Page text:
This country was founded on debt. To get it running Hamilton issued tons of debt. Just because the TeaPublicans like hurting the poor is no reason to vote for them

Posted by: KurtRex1453 on July 4, 2010 at 4:13 PM | PERMALINK

Saxby Chambliss is the sleaebaggiest douche among all of the sleazebaggy douche GOBPs in the senate.

He got elected by questioning the patriotism of a quadriplegic Vietnam vet, Max Cleland.

If I believed in hell, I'd really be hoping that the whole bunch of them rot there.

I hate those people.

Posted by: efgoldman on July 4, 2010 at 4:18 PM | PERMALINK

OK, so... I'm mad as hell that Republicans are going to ruin our economy. What am I supposed to do about it?

Maybe I'll call Shelby and Sessions' offices on Tuesday morning. I'm sure they'll be happy to hear a constituent's view on the issue.

Posted by: Equal Opportunity Cynic on July 4, 2010 at 4:21 PM | PERMALINK

"Republicans believe strengthening the recovery isn't the goal; lowering the deficit they created is the goal."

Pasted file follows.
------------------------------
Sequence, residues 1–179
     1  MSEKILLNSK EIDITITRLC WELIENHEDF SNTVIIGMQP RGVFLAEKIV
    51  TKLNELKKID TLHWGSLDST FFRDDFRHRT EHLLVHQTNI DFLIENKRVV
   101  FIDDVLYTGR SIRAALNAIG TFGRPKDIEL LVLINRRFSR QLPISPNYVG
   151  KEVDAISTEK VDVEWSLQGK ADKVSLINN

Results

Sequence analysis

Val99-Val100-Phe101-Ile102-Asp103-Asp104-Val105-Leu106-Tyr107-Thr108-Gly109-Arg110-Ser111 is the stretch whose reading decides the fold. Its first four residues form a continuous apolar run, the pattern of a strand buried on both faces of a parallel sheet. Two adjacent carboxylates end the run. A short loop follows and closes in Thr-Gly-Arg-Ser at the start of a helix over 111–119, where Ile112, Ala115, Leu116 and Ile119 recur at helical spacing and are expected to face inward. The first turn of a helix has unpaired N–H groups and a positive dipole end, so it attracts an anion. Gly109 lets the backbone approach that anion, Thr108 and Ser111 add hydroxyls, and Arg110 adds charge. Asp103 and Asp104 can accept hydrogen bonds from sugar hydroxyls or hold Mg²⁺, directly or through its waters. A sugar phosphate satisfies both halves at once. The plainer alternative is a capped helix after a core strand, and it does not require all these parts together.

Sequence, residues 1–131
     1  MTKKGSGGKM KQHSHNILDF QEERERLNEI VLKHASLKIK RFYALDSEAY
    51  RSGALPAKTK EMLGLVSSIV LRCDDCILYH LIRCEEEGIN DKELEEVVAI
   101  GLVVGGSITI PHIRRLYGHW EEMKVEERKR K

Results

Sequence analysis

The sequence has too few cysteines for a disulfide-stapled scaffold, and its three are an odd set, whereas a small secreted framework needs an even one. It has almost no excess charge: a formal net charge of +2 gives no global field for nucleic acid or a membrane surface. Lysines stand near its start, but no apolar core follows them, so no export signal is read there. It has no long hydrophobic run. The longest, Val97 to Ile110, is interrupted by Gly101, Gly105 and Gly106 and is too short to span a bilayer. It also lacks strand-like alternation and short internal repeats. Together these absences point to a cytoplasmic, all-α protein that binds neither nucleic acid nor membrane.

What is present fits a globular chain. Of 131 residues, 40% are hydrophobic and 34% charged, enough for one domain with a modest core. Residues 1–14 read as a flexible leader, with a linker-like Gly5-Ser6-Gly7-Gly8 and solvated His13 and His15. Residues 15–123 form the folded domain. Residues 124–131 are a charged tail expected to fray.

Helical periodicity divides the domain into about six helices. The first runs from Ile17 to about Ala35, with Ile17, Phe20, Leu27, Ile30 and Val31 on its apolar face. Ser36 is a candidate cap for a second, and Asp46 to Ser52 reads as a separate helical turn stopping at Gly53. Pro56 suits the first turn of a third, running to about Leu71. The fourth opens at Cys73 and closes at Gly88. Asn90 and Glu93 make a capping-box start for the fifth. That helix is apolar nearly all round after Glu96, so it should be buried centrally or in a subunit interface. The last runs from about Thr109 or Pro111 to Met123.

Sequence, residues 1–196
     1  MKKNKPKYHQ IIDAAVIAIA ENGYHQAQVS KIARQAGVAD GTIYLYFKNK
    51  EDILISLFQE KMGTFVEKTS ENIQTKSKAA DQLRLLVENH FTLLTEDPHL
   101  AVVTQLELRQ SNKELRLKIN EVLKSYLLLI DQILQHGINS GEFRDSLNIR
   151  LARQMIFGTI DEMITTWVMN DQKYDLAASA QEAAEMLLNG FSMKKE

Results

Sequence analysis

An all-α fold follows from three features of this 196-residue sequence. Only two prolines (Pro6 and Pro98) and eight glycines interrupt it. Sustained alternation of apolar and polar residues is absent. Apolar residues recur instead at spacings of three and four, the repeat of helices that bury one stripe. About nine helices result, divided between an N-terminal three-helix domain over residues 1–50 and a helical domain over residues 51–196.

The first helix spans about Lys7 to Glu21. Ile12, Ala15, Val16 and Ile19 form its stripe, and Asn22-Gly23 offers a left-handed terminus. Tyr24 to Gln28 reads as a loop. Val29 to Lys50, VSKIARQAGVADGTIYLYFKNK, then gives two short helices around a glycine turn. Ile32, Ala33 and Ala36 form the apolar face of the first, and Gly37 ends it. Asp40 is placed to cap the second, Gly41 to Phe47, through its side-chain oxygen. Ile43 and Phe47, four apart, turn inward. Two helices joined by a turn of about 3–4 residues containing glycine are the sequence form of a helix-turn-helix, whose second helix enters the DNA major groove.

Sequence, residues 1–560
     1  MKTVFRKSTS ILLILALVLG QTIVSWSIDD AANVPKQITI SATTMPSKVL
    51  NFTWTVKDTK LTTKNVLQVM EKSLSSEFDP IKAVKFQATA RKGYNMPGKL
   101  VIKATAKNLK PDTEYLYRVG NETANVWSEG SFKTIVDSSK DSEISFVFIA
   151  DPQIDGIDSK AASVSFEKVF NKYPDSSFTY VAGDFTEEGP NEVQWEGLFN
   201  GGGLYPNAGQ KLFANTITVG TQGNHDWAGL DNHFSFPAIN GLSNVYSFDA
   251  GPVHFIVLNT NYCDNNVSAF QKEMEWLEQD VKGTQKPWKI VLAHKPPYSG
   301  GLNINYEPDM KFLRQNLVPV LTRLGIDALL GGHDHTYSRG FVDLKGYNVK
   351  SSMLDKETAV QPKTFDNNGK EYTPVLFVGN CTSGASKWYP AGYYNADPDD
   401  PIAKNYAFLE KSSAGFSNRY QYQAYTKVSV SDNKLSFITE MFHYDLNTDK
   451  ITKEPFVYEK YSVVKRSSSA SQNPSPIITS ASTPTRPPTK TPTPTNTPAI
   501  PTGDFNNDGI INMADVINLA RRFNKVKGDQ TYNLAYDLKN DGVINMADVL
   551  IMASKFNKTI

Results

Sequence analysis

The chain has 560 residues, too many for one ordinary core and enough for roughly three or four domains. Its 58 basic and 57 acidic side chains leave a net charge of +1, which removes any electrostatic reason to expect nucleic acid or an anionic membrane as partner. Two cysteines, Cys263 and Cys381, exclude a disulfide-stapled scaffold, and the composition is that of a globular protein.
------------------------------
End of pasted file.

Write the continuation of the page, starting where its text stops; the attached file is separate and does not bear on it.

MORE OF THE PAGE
I beg to differ. Lowering the deficit is not the goal (as evidenced by their continued support for wasteful defense spending, wasteful agricultural subsidies, continuing the war in Afghanistan, permanently eliminating the inheritance tax for inheritances greater than $7,000,000, and fighting to prevent any portion of the Bush tax cuts from expiring). Their goal is returning all power to corporate America.

Posted by: Chris on July 4, 2010 at 4:26 PM | PERMALINK

Raise Tariffs like a motherfucker!!!

If you want access to the largest market in the world you gotta buy a ticket.

Posted by: Fed Up and Tired on July 4, 2010 at 4:49 PM | PERMALINK